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We found no evidence that Apple has to pay $700 to anyone with a slowed-down iPhone.
In 2020, the tech company settled a class action lawsuit that accused it of slowing older devices. Part of the settlement allowed customers who purchased certain iPhone models to submit claims for about $25 per phone.
So far, no payouts have been issued.
It’s a real pain when your phone slows down for seemingly no reason.
That’s why a lot of people probably got excited when they saw a video online that claimed Apple is paying customers $700 for their slowed-down devices.
We hate to be the bearer of bad news, but that’s not happening.
The claim appeared in a Feb. 19 Instagram video. In it, a man plays the roles of both Apple and a customer and says that, because slowing down old products is illegal, Apple has to "pay anyone with a slowed down phone $700, if they claim it" as long as they’ve had the phone for less than two years.
This isn’t accurate — there’s no evidence that Apple has agreed to pay people $700 for slowed-down iPhones.
The post was flagged as part of Instagram’s efforts to combat false news and misinformation on its News Feed. (Read more about our partnership with Meta, which owns Facebook and Instagram.)
PolitiFact reached out to Apple for comment but did not hear back.
In March 2020, the tech company settled a class action lawsuit that had accused it of purposely slowing down older operating systems. Part of the settlement allowed customers who purchased certain iPhone models to submit claims for about $25 per phone.
The payout applied to customers who purchased the iPhone 6, 6 Plus, 6s, 6s Plus, 7, 7 Plus and the SE before Dec. 21, 2017, and experienced issues, according to a website created for customers to submit claims. The full notice about the settlement is included on the site and provides details, rights, options and deadlines for customers.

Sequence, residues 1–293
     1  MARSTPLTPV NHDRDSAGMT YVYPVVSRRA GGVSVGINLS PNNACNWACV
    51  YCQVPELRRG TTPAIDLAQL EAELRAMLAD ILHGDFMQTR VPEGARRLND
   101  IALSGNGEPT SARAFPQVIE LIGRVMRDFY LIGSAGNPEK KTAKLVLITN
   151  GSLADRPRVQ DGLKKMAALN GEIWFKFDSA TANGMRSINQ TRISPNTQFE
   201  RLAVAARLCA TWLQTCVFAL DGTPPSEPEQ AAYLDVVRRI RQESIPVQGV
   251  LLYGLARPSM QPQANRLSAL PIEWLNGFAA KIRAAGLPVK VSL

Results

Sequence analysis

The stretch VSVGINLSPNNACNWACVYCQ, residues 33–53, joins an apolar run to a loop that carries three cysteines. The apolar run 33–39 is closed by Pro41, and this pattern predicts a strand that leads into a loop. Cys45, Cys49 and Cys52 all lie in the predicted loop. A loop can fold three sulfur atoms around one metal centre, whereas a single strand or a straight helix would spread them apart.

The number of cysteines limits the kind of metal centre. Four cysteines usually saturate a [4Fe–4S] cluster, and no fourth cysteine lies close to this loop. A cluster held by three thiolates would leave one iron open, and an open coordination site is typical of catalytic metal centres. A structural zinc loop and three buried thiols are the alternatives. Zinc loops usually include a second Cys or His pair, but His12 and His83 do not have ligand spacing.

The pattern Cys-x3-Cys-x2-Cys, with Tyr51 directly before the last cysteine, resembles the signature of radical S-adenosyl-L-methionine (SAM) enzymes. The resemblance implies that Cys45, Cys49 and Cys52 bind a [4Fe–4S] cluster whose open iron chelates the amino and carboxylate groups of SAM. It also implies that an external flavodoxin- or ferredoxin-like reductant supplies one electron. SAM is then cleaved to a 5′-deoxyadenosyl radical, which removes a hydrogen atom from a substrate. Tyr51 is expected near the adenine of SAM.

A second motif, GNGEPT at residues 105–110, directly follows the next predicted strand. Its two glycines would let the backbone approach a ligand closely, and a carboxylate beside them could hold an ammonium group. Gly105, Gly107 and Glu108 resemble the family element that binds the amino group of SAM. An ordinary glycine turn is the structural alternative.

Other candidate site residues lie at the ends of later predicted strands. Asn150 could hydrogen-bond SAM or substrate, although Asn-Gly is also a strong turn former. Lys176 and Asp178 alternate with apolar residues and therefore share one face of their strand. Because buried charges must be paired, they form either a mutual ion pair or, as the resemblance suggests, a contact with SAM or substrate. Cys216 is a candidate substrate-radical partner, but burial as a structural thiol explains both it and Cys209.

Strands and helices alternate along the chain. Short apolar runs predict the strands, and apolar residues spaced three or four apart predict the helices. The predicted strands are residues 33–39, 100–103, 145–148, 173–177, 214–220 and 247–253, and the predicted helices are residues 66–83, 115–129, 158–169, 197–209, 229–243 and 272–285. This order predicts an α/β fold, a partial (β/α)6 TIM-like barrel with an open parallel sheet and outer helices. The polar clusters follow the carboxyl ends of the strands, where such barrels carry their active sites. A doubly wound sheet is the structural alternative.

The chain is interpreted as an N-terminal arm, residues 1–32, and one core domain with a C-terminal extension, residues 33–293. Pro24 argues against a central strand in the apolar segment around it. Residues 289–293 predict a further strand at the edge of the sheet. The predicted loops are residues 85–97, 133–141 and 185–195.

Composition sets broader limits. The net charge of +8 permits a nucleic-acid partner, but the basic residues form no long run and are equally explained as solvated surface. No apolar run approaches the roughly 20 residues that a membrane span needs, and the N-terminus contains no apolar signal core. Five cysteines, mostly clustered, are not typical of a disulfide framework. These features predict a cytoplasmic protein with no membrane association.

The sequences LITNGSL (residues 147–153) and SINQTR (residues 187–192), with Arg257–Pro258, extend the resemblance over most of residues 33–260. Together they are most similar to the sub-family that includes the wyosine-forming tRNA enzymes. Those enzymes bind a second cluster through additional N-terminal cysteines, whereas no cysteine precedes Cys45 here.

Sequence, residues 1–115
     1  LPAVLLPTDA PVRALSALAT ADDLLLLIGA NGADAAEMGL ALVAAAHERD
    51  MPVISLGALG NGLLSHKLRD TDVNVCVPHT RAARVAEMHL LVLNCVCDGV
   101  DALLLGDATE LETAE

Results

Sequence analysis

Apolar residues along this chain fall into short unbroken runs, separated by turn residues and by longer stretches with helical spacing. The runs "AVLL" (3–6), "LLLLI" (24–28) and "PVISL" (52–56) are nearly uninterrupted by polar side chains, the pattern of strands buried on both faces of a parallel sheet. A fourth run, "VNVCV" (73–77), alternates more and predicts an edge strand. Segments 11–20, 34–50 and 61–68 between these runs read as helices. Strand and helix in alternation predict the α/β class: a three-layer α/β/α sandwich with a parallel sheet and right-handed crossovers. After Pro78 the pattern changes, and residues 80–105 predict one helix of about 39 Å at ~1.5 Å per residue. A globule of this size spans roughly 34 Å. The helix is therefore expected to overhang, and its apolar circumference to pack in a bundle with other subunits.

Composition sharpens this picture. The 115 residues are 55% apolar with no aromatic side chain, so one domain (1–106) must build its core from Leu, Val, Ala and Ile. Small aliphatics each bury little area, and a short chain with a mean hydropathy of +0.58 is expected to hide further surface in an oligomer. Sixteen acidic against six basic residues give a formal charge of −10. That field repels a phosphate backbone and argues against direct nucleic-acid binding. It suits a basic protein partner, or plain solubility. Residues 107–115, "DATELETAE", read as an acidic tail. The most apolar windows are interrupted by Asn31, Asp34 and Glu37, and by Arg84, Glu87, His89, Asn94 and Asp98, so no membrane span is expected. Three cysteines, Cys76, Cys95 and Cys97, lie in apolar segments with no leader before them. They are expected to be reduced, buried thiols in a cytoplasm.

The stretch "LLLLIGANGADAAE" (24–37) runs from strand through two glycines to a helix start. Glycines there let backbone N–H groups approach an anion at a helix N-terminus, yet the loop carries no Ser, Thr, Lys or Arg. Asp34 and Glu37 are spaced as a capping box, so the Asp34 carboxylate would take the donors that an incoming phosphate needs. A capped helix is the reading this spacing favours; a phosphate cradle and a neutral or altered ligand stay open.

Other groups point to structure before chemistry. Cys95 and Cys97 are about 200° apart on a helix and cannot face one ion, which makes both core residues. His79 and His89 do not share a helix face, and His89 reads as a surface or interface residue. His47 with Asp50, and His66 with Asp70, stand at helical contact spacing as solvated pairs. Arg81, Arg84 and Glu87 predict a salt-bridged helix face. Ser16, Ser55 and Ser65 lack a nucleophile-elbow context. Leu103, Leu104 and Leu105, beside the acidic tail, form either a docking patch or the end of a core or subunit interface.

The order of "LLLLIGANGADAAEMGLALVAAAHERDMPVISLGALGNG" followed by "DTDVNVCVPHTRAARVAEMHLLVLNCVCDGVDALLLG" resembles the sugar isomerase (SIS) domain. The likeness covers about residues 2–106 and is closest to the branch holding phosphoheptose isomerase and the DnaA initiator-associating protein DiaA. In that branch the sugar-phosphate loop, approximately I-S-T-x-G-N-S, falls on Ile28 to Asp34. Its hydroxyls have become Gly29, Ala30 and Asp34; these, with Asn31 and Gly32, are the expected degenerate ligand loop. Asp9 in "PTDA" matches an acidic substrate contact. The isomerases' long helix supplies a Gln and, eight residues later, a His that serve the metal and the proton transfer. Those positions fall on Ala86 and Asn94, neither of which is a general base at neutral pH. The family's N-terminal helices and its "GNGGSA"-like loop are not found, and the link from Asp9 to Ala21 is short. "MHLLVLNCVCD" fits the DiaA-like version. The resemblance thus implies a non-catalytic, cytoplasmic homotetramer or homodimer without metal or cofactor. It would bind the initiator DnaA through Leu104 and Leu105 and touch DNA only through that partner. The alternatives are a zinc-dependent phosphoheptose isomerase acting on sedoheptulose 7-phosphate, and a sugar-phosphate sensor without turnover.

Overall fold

But in September 2022, a federal appeals court withdrew the decision approving the agreement, saying that a lower court judge had applied the wrong legal standard.
On Feb. 17, 2023, a judge for the U.S. District Court for Northern California approved a renewed motion by Apple and the plaintiffs to finalize the settlement.
So far, Apple hasn’t distributed any payouts and the settlement’s website says that benefits "cannot be distributed until after the time for appeal has expired and any possible appeals are resolved."
An Instagram post claims that Apple is paying customers $700 if they claim to have a slowed-down iPhone.
Apple isn’t doing that.
A continuing class action lawsuit accuses the tech company of slowing down older devices, but the possible suggested payout amounts are only around $25 per phone.
We rate this claim False.
Instagram post, Feb. 19, 2023
SmartPhonePerformanceSettlement.com, Accessed Feb. 23, 2023
SmartPhonePerformanceSettlemnet.com, Class Action Notice, Accessed Feb. 23, 2023
Bloomberg Law, Apple’s $310 Million iPhone Settlement Rejected on Appeal (1), Sept. 28, 2022
CourtListener, In Re: Apple Inc. Device Performance Litigation (5:18-md-02827), Accessed Feb. 24, 2023
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